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GOP Looks to Divide Democrats

House Republicans on Wednesday sought to implement a strategy designed to weaken Speaker Nancy Pelosi (D-Calif.) by painting her as an obstacle to President Barack Obama’s bipartisan agenda.

Republicans, fighting with a minority of just 177, spent the day after Obama’s star-studded inauguration attacking House Democrats for excluding them from early negotiations on a massive economic stimulus plan. At every turn, GOP Members charged the Democratic leadership with abandoning the bipartisanship embraced so forcefully by the new president.

Republicans are hoping to foment divisions in the Democratic ranks and force a clear wedge between Pelosi and Obama.

The GOP tactic came into full view during a House Appropriations Committee markup, where Republicans complained for hours about the lack of subcommittee hearings on the Democrats’ economic plan.

“I was very enthusiastic yesterday. It was inspiring,” Rep. Jack Kingston (R-Ga.) said of Obama’s Tuesday inauguration. “Wouldn’t it be nice if Washington could quit being Washington?

“The words are still reverberating off the buildings in this town, but unfortunately they didn’t penetrate this one.”

Kingston argued that Democrats were running “roughshod” over Republicans and said that unless changes are made, the package probably won’t get a single GOP vote.

Rep. Jerry Lewis (R-Calif.), the ranking member on the Appropriations panel, appealed directly to Obama to include Republicans after complaining about the size and priorities of the $825 billion Democratic package.

“Mr. President, the challenges we face transcend partisan politics. … I appeal to you, Mr. President, to include us in this process.”

Republican after Republican complained that they had barely been consulted about the makeup of the plan, and argued that key pieces needed more vetting and time to consider. In nearly every instance, they charged Democrats with neglecting their input, and called on Obama to bring them to the table.

Whether the GOP tactic will work is unclear, but Obama already has agreed to a meeting with Republican lawmakers next week.

However, Democrats aren’t taking the GOP attacks lightly. Appropriations Chairman David Obey (D-Wis.) said Republicans have only themselves to blame if they feel left out of the process. He called the economic stimulus package “the product of discussions over two months with literally anybody who would pick up the phone to talk to us.”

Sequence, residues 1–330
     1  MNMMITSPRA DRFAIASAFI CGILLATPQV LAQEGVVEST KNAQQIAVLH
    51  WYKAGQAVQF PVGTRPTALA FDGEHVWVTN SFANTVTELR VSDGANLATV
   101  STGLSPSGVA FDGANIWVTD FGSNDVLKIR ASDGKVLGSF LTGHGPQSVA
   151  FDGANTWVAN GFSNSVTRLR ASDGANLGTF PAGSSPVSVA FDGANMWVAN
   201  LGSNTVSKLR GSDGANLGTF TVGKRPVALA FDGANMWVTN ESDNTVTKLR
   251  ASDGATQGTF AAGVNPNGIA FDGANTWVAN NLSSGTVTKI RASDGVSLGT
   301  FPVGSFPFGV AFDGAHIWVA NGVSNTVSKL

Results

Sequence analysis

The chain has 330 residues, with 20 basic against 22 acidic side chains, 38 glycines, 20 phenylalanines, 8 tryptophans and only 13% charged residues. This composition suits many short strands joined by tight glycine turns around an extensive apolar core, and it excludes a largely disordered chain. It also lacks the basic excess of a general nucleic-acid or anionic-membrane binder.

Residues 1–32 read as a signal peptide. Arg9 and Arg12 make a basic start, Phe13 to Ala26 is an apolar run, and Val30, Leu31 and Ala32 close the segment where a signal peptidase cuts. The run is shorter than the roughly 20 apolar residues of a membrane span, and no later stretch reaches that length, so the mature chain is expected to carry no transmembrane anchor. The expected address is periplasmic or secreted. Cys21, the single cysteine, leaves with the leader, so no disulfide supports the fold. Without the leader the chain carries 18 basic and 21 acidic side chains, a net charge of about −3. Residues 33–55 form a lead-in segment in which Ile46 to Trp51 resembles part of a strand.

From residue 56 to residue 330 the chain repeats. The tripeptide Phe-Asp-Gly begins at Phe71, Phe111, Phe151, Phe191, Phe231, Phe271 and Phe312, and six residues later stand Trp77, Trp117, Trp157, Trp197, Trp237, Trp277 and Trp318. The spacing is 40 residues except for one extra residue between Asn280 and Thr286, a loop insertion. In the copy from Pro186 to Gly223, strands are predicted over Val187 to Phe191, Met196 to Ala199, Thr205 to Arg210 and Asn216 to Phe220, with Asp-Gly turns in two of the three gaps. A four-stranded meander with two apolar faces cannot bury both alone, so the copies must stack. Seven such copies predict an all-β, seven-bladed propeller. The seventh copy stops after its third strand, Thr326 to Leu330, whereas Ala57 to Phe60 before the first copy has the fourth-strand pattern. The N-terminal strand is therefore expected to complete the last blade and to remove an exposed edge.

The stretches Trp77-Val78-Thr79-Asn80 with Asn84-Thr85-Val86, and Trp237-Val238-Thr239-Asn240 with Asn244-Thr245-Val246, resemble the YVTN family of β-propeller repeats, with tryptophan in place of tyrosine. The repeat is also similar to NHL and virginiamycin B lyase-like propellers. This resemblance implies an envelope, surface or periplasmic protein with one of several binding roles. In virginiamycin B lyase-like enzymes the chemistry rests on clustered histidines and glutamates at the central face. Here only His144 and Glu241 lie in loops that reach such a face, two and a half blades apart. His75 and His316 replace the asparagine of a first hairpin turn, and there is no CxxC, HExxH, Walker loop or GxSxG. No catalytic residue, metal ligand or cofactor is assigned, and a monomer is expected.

Rep. Debbie Wasserman Schultz (D-Fla.) slammed Republicans as a “very frustrated group of individuals that are flailing about trying to communicate their positions and are obsessing on process.”

She added that efforts to split Obama from Democratic leaders wouldn’t work. “This is Obama’s economic recovery package. We worked on it together. Leading up to this meeting, they had every chance to have input. They have chosen to check themselves out of this process. They need to grab the bipartisan hand that has been extended to them, and so far they’ve just slapped it.”

While outside the Appropriations hearing the GOP criticism was less fiery, the sentiment was the same — that Obama was opening doors at the White House while House Democrats were slamming them shut.

“We are encouraged that President Obama recognizes this is not the time to be raising taxes and that he’s included significant tax relief in his proposal, but we are concerned as we are moving through the process that House Democrats have yet to ask for our input,” Republican Conference Vice Chairwoman Cathy McMorris Rodgers (Wash.) argued.

“I think the president really challenged us not to find a Republican solution or a Democrat solution but an American solution, and that has not happened regrettably in these early days,” Ways and Means ranking member Dave Camp (R-Mich.) said.

That rhetoric notwithstanding, at least one prominent Republican downplayed the strategy to alienate Pelosi and Democratic leaders. House Minority Leader John Boehner (R-Ohio), responding to a reporter’s question on Wednesday, said: “I think you are reading a lot more into this then what it is. The president asked for our input, and we are going to supply him with our input — it’s as simple as that.”

But Pelosi spokesman Nadeam Elshami pointed to the committee markups on the stimulus as evidence that the Speaker, like Obama, is committed to the bipartisan vetting of the bill.

“The Republicans are participating in committee markup of the legislation and some of their ideas have already been incorporated in the plan,” he argued. “The Speaker welcomes Republican input and is committed to bipartisanship because the challenges ahead are just too great and the American people demand results.”

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